Inside the Pontifical shrine. Note the imaginative tabernacle on the right

If you are want more information, check out their website.

The only other church we visited was the Kottakavu Church, which marked one of the earliest among the mass conversions attributed to Saint Thomas. It is said that he convinced a group of orthodox Namboodiris to convert here. It is also said that the temple which originally stood here was consecrated as a church when the temple elephant carried a cross made by St. Thomas inside and placed it in the sanctum. Neither the original temple nor the church built over it stands today. The old church itself has been rebuilt a number of times, and due to lack of space, a new church has also been built right behind. This church also holds a relic of the saint.

The new church at Kottakavu

The relic of the saint inside the new church


Today, most people visit the new church and only a few head to the old church to offer prayers.

Paintings on the walls and ceilings of the new church at Kottakavu

The altar in the old church at Kottakavu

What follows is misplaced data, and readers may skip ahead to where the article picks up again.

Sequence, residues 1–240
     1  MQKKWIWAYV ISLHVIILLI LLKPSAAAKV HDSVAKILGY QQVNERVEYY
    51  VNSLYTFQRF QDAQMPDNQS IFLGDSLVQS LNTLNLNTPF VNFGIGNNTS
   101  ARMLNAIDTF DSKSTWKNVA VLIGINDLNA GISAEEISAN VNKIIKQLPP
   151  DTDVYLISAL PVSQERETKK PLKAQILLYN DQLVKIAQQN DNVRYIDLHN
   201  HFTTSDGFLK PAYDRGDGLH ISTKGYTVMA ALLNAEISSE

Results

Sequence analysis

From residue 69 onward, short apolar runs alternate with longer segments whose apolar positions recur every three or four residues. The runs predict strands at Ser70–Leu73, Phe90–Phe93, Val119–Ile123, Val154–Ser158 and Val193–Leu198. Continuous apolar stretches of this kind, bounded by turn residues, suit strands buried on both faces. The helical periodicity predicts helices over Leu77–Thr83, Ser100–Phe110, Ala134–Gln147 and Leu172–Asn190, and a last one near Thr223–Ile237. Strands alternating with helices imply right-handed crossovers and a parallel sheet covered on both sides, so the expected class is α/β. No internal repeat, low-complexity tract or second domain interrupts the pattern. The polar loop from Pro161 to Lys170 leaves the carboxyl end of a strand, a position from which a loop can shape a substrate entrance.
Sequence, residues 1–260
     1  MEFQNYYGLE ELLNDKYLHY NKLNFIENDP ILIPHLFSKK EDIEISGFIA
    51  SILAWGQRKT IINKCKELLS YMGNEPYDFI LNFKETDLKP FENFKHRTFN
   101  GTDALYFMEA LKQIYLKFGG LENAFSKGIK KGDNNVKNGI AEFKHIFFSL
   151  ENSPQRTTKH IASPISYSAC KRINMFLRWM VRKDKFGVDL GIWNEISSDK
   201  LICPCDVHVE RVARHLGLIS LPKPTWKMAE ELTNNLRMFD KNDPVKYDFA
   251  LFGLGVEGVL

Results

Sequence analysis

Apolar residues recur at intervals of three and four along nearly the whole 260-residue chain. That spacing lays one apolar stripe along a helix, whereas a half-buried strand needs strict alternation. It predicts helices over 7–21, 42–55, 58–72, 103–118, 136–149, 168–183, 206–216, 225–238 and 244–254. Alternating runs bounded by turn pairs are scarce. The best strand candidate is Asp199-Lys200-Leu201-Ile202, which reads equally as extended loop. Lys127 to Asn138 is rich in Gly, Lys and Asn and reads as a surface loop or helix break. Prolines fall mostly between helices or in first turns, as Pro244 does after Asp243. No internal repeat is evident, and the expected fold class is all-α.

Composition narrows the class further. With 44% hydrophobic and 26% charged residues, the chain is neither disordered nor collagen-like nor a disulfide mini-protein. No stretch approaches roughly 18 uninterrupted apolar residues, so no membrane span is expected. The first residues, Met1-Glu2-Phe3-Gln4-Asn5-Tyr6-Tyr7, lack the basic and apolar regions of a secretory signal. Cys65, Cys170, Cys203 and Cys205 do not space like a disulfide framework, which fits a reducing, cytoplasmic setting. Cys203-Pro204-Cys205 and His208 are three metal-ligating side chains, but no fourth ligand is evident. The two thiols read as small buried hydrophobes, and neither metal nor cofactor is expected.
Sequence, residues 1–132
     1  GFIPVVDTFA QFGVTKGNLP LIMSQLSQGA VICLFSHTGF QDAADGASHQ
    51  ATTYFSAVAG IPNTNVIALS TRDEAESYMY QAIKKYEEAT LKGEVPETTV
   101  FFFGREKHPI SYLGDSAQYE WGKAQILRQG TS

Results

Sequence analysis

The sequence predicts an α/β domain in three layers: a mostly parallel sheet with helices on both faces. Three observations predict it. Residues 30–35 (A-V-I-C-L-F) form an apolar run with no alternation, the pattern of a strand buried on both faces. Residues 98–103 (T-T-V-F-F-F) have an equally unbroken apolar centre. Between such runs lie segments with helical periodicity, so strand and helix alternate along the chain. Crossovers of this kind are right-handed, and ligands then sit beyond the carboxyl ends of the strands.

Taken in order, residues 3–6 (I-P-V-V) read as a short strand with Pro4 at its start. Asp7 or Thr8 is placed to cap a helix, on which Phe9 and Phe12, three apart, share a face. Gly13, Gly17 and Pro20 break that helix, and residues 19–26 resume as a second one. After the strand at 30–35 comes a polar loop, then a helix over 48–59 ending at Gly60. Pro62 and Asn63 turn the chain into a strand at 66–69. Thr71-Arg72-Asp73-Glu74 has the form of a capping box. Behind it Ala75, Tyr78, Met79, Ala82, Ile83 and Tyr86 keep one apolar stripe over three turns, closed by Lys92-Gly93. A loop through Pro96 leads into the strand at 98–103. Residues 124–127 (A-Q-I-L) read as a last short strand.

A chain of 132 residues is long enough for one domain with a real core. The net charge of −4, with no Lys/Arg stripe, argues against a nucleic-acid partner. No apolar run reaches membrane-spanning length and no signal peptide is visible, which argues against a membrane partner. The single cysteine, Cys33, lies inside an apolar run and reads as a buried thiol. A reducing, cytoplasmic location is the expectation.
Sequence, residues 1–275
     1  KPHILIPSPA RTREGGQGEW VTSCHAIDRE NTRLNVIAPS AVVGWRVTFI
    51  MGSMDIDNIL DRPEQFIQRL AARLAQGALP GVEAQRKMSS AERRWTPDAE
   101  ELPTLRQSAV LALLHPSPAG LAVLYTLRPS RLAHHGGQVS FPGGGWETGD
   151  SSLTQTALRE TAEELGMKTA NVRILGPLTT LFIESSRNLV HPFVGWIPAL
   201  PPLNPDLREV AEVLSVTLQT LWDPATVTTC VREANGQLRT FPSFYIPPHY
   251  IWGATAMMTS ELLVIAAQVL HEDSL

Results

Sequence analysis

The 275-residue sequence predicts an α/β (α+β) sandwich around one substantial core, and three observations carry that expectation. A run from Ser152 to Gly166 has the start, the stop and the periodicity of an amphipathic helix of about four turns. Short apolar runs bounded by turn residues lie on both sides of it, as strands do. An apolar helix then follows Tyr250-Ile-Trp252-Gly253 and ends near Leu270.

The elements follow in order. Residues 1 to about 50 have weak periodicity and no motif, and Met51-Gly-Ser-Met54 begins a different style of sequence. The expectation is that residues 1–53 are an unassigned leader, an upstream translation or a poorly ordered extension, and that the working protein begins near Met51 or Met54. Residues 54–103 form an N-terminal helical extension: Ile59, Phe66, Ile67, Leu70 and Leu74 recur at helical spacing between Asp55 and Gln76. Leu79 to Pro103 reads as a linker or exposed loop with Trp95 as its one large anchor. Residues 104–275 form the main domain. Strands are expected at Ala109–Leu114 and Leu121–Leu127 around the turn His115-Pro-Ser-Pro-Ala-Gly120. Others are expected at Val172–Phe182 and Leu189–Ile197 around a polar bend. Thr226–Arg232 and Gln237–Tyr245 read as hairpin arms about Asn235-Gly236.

Paintings on the ceiling of the old church at Kottakavu

The old church at Kottakavu


The only sign of older structures is an ancient wall, which is still preserved.

The old wall... it remains the only remembrance of an older monument here


As I mentioned before, St. Thomas established eight churches in this region. They are sometimes called the ‘Seven and a half Churches of St. Thomas’, since the eighth one is considered a ‘half-church’, whatever that means. The pontifical shrine isn’t one of them, though. These churches are…
  • Malliankara, Kodungallur
  • Kottakavu Church, North Paravoor
  • Niranam
  • Palayoor
  • Nilackal (Chayal)
  • Kollam
  • Thiruvithancode, which is the ‘half-church’.

It would be interesting to visit all these churches sometime. Even more interesting would be to follow St. Thomas’ footsteps across Kerala and Tamilnadu, but that is for another trip! 

P.S. Interestingly, there is another Thomas who also figures in this region – Thomas of Cana, who led a group of Christians migrating from the Middle East to India, sometime in AD 345. They too are followers of St. Thomas, but have their own sect, and are known as the Knai Thoma... We stumbled on a memorial to this Thomas while visiting the Kottapuram fort!





Comments

  1. Fascinating! It's very interesting to see the architecture and hear a little about the history of Christianity in India. A very Catholic interpretation, especially the shrine where the relic is housed. And a little spooky, too, to think of approaching that shrine to pay respects or to pray. Hmmm...

    ReplyDelete
    Replies
    1. Thank you Natalie! The history of religions in India is truly fascinating. The thought that they all managed to live in relative peace makes me wonder why there is so little tolerance today.

      Delete
  2. loved the stained glass and the cieling decor


    Bikram's

    ReplyDelete